I Wish the Government Realised…

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By Rhea Chopra

Australia has always had a reputation as a multicultural nation. But lately, many of us have begun to question the truth behind that idea. Much of the rhetoric surrounding immigrants lately has been quite negative, and some governmental actions have carried this rhetoric further.

Most of us just wish the government realised that they can help shape a future for Australia that remains full of vibrant multiculturalism, rather than one that is full of division and marginalisation. 

For the most part, Australia is an accepting, and culturally diverse country. But let’s face it - moving to Australia is still hard. I moved here from India when I was 7, and although I didn’t realise it at the time, some of my experiences had a great negative impact on my self-esteem and identity.

These experiences resulted in me only feeling comfortable in myself and my community, when I didn’t feel Indian. I didn’t realise how this affected me at the time, but looking back, it wasn’t fun at all. And I’m sure I wasn’t alone in feeling like this. I know other people who were made fun of for having lunches that ‘look funny’. I know people who were mocked for talking with an accent. I know people who were bullied, and even denied educational opportunities simply because their beliefs and cultures were ‘different’. No one, least of all a child, should feel as if they must change themselves to feel like they are important and belong here. It certainly doesn’t help when government officials reinforce the idea that you are an outsider.

One of the beauties of Australia is its multiculturalism, and that’s lost when people don’t feel comfortable bringing their cultural identity to their everyday lives.

Rather than making the process of immigrating more inclusive, most government policies just make the experience more harrowing for immigrants. Take the changes to the citizenship test, for example. There is something inherently wrong with awarding citizenship based on a test which most Australians would fail. More than this, there is something inherently wrong with suggesting that someone doesn’t deserve to be Australian unless they are proficient in a specific language, or can sit a test on facts about Australia.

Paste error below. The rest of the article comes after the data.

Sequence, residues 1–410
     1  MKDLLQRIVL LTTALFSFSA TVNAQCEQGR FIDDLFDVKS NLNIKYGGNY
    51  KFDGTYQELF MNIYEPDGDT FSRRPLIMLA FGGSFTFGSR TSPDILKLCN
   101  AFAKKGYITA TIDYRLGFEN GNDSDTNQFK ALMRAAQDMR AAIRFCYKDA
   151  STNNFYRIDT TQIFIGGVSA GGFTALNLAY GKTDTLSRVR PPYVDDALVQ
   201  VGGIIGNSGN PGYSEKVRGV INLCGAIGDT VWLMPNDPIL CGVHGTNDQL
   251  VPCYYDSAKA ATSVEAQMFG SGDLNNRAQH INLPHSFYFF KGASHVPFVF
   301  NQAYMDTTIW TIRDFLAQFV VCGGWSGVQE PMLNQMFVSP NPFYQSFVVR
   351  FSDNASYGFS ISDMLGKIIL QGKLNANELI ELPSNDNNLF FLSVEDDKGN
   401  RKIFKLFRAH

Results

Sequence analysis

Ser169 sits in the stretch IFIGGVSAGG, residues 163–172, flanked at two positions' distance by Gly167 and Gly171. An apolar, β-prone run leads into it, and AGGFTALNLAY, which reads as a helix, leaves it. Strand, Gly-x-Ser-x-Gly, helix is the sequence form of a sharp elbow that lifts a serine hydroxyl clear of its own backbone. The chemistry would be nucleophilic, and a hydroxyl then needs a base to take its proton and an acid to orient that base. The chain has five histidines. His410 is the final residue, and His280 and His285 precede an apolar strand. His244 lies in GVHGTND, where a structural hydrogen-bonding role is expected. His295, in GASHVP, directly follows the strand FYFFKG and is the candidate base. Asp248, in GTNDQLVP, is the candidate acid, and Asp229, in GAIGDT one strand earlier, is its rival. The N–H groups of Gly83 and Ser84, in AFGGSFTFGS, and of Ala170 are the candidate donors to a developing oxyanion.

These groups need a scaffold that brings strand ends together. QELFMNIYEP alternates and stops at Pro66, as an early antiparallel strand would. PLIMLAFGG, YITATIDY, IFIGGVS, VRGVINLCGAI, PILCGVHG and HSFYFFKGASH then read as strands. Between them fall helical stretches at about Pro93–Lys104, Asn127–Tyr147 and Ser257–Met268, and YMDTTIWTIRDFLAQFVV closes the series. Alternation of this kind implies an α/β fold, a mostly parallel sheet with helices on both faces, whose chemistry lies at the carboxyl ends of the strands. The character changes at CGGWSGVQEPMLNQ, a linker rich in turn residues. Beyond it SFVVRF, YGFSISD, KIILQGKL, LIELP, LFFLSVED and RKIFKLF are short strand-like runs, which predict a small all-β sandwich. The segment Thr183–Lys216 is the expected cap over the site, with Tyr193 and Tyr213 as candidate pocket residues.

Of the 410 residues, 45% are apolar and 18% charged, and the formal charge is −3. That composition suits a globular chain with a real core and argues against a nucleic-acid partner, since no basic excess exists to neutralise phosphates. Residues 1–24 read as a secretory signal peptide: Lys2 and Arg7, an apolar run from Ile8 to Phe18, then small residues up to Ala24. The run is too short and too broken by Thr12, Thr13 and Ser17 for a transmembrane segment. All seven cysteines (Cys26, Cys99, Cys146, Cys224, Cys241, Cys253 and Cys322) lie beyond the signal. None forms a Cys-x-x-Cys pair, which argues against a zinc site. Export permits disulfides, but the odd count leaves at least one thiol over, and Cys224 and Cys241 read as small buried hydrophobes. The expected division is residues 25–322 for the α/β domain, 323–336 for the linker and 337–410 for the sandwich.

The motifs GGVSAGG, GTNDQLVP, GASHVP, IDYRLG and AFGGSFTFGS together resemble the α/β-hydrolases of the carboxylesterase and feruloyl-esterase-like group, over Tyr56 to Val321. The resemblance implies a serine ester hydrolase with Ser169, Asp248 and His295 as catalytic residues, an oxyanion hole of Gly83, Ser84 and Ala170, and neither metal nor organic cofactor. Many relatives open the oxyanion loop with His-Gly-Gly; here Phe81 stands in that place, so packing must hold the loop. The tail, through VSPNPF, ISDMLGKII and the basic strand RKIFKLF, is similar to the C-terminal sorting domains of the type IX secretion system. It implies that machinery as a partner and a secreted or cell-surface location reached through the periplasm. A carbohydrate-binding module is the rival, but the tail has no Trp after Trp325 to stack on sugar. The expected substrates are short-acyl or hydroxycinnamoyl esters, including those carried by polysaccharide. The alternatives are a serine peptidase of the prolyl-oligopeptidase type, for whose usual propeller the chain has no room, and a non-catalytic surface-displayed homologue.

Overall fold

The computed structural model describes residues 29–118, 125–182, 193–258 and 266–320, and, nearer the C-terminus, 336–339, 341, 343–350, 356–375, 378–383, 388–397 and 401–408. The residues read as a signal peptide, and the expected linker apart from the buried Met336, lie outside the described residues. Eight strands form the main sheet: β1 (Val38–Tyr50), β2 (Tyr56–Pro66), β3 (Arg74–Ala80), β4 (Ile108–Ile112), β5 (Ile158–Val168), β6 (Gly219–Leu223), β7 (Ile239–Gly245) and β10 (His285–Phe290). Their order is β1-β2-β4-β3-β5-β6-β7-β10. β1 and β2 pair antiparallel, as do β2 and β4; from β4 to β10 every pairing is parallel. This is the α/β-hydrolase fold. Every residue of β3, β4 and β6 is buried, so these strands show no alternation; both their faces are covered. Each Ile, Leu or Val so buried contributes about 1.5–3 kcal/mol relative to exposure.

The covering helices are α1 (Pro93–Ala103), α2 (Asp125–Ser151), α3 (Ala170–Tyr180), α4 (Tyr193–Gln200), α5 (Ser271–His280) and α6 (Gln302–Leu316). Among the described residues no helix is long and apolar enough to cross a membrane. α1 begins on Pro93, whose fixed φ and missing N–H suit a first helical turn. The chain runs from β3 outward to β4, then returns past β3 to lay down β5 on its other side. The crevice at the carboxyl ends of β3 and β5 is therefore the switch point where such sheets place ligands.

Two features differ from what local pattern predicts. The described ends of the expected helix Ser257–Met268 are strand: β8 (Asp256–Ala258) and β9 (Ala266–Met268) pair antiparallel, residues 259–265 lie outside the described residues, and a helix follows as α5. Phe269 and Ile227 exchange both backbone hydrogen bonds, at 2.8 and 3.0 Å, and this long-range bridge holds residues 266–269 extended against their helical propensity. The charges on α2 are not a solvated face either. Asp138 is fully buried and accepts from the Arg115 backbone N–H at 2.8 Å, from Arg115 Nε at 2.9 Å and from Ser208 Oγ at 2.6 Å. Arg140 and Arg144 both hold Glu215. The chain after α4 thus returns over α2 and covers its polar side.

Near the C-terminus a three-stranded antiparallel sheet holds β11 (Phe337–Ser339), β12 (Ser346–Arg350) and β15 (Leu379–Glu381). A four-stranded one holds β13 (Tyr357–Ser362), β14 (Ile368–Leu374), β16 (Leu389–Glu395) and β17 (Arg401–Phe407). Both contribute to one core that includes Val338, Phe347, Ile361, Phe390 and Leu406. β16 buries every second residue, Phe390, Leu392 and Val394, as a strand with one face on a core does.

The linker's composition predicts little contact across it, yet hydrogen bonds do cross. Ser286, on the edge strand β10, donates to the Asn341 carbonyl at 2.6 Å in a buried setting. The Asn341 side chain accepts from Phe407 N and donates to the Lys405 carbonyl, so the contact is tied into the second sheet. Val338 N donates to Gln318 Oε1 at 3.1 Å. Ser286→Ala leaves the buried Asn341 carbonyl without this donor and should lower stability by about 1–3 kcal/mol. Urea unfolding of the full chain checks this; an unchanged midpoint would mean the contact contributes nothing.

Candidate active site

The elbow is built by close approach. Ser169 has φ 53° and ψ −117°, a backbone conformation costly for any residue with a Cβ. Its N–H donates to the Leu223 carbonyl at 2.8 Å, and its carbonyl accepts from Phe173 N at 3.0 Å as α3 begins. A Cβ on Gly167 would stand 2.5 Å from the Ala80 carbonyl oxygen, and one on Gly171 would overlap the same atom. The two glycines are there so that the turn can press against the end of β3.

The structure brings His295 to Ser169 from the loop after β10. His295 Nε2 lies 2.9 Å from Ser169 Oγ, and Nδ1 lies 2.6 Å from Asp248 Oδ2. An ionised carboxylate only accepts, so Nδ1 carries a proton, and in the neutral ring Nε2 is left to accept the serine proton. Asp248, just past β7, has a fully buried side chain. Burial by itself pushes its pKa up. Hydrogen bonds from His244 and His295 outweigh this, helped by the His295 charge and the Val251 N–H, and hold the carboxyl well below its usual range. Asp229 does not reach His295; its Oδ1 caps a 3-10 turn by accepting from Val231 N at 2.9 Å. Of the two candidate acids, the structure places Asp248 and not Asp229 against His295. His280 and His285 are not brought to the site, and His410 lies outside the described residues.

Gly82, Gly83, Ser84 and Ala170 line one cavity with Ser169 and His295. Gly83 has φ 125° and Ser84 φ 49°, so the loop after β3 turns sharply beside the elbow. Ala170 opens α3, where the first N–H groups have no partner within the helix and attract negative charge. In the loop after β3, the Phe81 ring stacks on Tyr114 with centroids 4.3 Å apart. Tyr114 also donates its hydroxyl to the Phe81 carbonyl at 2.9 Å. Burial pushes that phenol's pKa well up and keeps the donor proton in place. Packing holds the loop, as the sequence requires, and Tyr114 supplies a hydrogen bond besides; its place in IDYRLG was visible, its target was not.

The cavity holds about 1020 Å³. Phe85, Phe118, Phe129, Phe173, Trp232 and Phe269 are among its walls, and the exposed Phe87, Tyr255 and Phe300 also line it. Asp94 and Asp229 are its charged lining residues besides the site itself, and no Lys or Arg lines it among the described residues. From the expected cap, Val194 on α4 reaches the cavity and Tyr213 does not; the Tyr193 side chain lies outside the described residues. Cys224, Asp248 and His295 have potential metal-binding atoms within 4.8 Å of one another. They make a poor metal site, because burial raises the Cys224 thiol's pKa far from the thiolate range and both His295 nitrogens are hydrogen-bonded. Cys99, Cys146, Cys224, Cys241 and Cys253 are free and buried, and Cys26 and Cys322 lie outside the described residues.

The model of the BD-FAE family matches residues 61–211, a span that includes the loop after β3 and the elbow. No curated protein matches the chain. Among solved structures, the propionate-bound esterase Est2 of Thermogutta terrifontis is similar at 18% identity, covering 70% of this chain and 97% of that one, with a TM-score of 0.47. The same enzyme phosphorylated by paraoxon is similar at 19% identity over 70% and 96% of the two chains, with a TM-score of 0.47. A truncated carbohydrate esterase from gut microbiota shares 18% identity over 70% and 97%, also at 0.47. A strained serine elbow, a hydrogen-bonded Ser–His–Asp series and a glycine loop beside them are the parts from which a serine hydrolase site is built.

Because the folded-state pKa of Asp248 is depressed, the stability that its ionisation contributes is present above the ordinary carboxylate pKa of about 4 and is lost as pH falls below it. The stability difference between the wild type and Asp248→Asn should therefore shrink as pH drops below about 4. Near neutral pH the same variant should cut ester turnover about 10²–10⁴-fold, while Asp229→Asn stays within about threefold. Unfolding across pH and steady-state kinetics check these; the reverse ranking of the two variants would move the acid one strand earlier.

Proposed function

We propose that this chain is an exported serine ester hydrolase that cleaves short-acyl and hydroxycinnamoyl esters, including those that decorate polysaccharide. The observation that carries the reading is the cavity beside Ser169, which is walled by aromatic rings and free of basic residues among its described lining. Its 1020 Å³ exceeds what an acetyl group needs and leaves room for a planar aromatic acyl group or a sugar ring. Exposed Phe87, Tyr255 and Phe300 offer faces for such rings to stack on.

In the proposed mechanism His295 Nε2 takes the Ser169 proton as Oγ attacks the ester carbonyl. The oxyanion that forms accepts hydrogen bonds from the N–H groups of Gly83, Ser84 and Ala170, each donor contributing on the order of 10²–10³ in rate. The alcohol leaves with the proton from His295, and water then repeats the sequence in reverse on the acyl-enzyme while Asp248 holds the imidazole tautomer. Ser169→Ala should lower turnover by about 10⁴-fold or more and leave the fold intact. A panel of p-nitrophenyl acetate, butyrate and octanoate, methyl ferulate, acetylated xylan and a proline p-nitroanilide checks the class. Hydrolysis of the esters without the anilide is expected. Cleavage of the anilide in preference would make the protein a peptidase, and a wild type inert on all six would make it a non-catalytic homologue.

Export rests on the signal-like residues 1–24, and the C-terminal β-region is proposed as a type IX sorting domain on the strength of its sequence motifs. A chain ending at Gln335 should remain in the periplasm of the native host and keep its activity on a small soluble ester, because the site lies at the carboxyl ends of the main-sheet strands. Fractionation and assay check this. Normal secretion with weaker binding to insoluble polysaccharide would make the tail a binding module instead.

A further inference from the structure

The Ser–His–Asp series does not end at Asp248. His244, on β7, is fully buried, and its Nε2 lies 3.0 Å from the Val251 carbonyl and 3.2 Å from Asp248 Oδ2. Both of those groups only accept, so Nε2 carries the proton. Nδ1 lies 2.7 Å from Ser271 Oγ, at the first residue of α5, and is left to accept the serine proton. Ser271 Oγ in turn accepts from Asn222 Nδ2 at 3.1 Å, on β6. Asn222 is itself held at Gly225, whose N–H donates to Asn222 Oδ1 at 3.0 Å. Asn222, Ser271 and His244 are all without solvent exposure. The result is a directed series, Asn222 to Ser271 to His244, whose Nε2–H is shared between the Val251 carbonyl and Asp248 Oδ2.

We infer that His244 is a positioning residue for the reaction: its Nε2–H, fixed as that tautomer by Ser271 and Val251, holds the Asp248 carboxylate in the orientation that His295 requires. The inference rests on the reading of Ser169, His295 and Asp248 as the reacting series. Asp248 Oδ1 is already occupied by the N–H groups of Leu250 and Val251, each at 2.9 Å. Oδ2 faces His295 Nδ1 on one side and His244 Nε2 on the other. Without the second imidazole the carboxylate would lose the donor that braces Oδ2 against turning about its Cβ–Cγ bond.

These sorts of tests and policies perpetuate the idea that immigrants are not worthy people unless they are ‘really Australian’. They legitimise the ways in which some people discriminate against immigrants, based on the way they speak, their jobs, and their cultural beliefs. They send the message that Australia is not interested maintaining its values of acceptance and fairness for everyone. 

Worldwide, we have seen a rise in fear of immigrants. There’s a rise in an attitude which promotes closing our country’s borders and protecting our nation. This is something that we should all consider carefully, and ensure that our views on the issue are made clear. Australia is one country that flourishes with its open borders, multiculturalism, and immigrants. I wish the government realised that their policies should work to preserve that, not destroy it.


Meet the author

Rhea Chopra is a Year 12 student living in Canberra, and is passionate about human rights and political engagement. She is also passionate about science, and hopes to change the world through work in medicine and health science. Her dream is to work with the UN, as a doctor or in another capacity. In her spare time, she enjoys getting involved with UN Youth Australia, particularly through the Evatt debating competition. Rhea also enjoys volunteering with organisations like Amnesty International, reading, and listening to trashy Top 40s hits.